The final requirement for the Master’s degree (M.Div. or M.A.T.) is a concluding exercise that demonstrates mastery of theological literacy. This is undertaken in the last year of studies in consultation with a student’s advisor. Students can elect one of three options:
|CAPSTONE ESSAYS||To complete the Capstone Essays, a student will be given five questions based on coursework taken and in departmental areas of the student’s choice, one of which must be dogmatics, liturgy, or sacred scripture.* The student will select three of the five questions and respond to each question with an essay between 3,500 and 4,000 words (about 15 pages each; 45 total pages not including bibliography). At least one of the three selected questions must come from dogmatics, liturgy, or sacred scripture.|
The essays should demonstrate achievement of the learning outcomes associated with the degree. They should draw on established sources and follow Turabian/Chicago style.
Essays will be evaluated by the faculty members who set the essay questions. The grades for all three essays will be averaged to determine overall grade for the concluding exercise. A grade of B- (76%) or above is required to pass. If lower than a B- is earned, the student may retake the exam
once, within six months of the first attempt.
When: Essays must be completed by March 15th for Spring graduation, July 15th for Summer graduation, or November 15th for Fall graduation. Students may request questions no earlier
than ten months before applicable due date.
*Faculty from each department will provide at least one question that will serve as a capstone question in their area. These will be compiled and presented to the student; the choices
will not number more than five.
This option entails working with a faculty member to write a 40- to 60-page research paper (10,000-15,000 words, doublespaced, not including bibliography) that demonstrates achievement of theological literacy.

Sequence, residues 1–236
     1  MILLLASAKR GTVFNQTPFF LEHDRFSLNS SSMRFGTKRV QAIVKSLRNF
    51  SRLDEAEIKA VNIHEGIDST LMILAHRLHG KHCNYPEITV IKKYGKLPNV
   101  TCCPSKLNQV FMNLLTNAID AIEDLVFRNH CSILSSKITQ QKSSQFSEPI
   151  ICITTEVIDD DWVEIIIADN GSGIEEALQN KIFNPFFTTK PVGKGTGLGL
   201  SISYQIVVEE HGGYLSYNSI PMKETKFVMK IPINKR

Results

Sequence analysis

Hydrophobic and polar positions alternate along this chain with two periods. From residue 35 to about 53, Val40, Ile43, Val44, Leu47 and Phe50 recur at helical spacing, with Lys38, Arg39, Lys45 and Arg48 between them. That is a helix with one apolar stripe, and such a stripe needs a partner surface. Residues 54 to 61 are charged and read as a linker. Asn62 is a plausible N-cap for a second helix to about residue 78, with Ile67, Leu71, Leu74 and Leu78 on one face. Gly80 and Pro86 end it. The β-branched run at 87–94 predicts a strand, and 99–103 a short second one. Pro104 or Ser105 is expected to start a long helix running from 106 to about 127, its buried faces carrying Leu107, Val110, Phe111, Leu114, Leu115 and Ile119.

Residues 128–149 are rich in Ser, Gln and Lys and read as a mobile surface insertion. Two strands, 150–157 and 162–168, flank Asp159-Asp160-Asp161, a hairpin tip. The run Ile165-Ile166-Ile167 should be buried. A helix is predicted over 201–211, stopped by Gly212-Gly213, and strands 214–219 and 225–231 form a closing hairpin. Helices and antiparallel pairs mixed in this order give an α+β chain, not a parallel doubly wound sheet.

The topic will be determined by the student, the faculty advisor for the project, and the Academic Dean.
The paper must include an introductory chapter that demonstrates how this research fits within the larger field of research on this topic (this is sometimes called a State of the Art). This paper must further identify how it satisfies at least one other degree outcome.
The paper must draw on established sources and follow Turabian/Chicago style. Papers will be graded by a chosen research director and one other faculty reader. A grade of B- (76%) or above is required to pass.
When: Must be completed by March 15th for Spring graduation, July 15th for Summer graduation, or November 15th for Fall graduation.
|The Pastoral Research Capstone is for students whose curriculum includes C.P.E. It has two components: a project that has direct pastoral application; and a research paper for which the project serves as the main focus. After completing C.P.E. (Clinical Pastoral Education), the student may begin developing a project in consultation with a faculty member serving as project director.|
The student and selected director will agree on a combined project/paper that is of comparable scope to a 10,000- to 16,000-word paper (about 40 to 65 pages, double-spaced, not including bibliography). The Pastoral Research Capstone should demonstrate pastoral application of theological concepts. In addition, it must demonstrate achievement of at least one learning outcomes associated with the degree.
The Pastoral Research Capstone must draw on established sources and follow Turabian/Chicago style. The project will be graded by the project director and one other faculty reader of student’s choice. A grade of B- (75%) or above is required to pass.
When: upon successful completion of C.P.E. It must be completed by March 15th for Spring graduation, July 15th for Summer graduation, or November 15th for Fall graduation.